Why are the Vikings’ mighty swords found broken?
And why are so many inscribed with the word “Uflberht”
The Vikings claimed that their swords were indestructible. That’s probably a bit of a stretch. But they must have been nearly indestructible to allow the Vikings to wreak so much havoc and destruction.
And yet… there is a mystery about Viking swords that confounds historians. Those that have come down to us are often broken. If they were so mighty, why did so many break?
The museum’s Viking sword (an unbroken one) may harbor a clue. There is an 8 letter word welded to the blade: “Ulfberht.” It turns out Ulfberht is the name of an ancient foundry.
Did the Ulfberht foundry make swords that were prone to shatter? Or is there a deeper secret to the broken Viking swords?
All is revealed in Museum Secrets: Inside the Berlin Islands Museums.
Historians are divided over the location of the Ulberht foundry. But many suspect it was in the German town of Solingen.
Solingen has been a center for blade making since medieval times. And even today, some venerable brands like Henckel and Boker still have foundries in the town. Currently, these companies make kitchen knives but less than a century ago, they provided daggers for the Third Reich. You can often find such weapons (with brand names clearly visible) for sale on eBay.
It would be nice to report that Solingen’s Nazi connection ended with close of World War Two. But sadly, in the 1990s, the town of Solingen became known as a hotbed of neo-Nazi violence. To find out what happened, we invite you to read this New York Times opinion piece The Solingen Tragedy.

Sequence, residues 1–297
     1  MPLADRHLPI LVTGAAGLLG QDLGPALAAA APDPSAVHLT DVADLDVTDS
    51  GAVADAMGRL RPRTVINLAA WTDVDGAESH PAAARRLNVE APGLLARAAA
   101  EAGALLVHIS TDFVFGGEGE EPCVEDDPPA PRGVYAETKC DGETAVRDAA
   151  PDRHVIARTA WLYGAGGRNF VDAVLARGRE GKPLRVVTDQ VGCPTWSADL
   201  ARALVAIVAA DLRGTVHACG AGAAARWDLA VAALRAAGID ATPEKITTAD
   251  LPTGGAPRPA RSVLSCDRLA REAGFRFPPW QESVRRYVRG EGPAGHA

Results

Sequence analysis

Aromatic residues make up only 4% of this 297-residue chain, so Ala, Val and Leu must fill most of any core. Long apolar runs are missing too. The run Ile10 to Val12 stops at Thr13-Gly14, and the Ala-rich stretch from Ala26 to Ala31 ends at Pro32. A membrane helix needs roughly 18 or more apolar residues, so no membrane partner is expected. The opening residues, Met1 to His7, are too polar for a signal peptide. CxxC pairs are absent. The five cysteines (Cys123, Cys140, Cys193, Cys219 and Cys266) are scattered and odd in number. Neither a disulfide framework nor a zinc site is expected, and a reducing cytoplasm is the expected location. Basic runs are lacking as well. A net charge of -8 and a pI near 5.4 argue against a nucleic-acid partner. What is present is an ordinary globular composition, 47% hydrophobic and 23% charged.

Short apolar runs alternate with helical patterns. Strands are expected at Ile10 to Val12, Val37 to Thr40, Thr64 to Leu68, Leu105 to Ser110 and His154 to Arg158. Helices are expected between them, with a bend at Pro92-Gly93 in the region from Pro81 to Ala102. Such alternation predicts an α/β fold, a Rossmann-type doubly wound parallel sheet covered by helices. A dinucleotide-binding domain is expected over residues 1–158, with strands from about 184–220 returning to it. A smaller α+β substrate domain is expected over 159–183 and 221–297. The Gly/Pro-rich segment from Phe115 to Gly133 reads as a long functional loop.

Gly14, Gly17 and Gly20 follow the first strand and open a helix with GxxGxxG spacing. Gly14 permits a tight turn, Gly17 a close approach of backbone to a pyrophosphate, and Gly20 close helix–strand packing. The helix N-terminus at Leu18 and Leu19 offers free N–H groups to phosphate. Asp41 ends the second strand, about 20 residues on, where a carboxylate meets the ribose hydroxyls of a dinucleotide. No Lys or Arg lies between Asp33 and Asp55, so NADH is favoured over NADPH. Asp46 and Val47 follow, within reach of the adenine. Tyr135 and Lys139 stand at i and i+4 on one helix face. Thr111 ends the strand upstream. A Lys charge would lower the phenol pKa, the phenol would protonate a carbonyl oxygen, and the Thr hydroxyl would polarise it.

Gemme • #66 • 2018-03-02 08:57:05
@ #62: \nThere are many possibilities, some based in superstition and theology. The belief that there exisited a spiritual bond or link between a warrior and his sword. The warrrior and to larger extent his clan life\'s blood, depended on this conn
Brigitte • #69 • 2018-03-02 08:57:00
Hello! I have a question : what if the cross before and after the name \"ULFBERH\" was like a \"protection\" (I remember that at a certain period, the Vikings were converted to Christianism) and then, the \"T\" might be the firstname of the blacksmit
Bill Cameron • #71 • 2018-03-02 08:57:00
Many Uflberht swords were counterfeit swords, that broke, That is why there are so many broken swords. There is a slightly different marking between the older good swords and the later poorer steel blades, with the same name. There is also a few more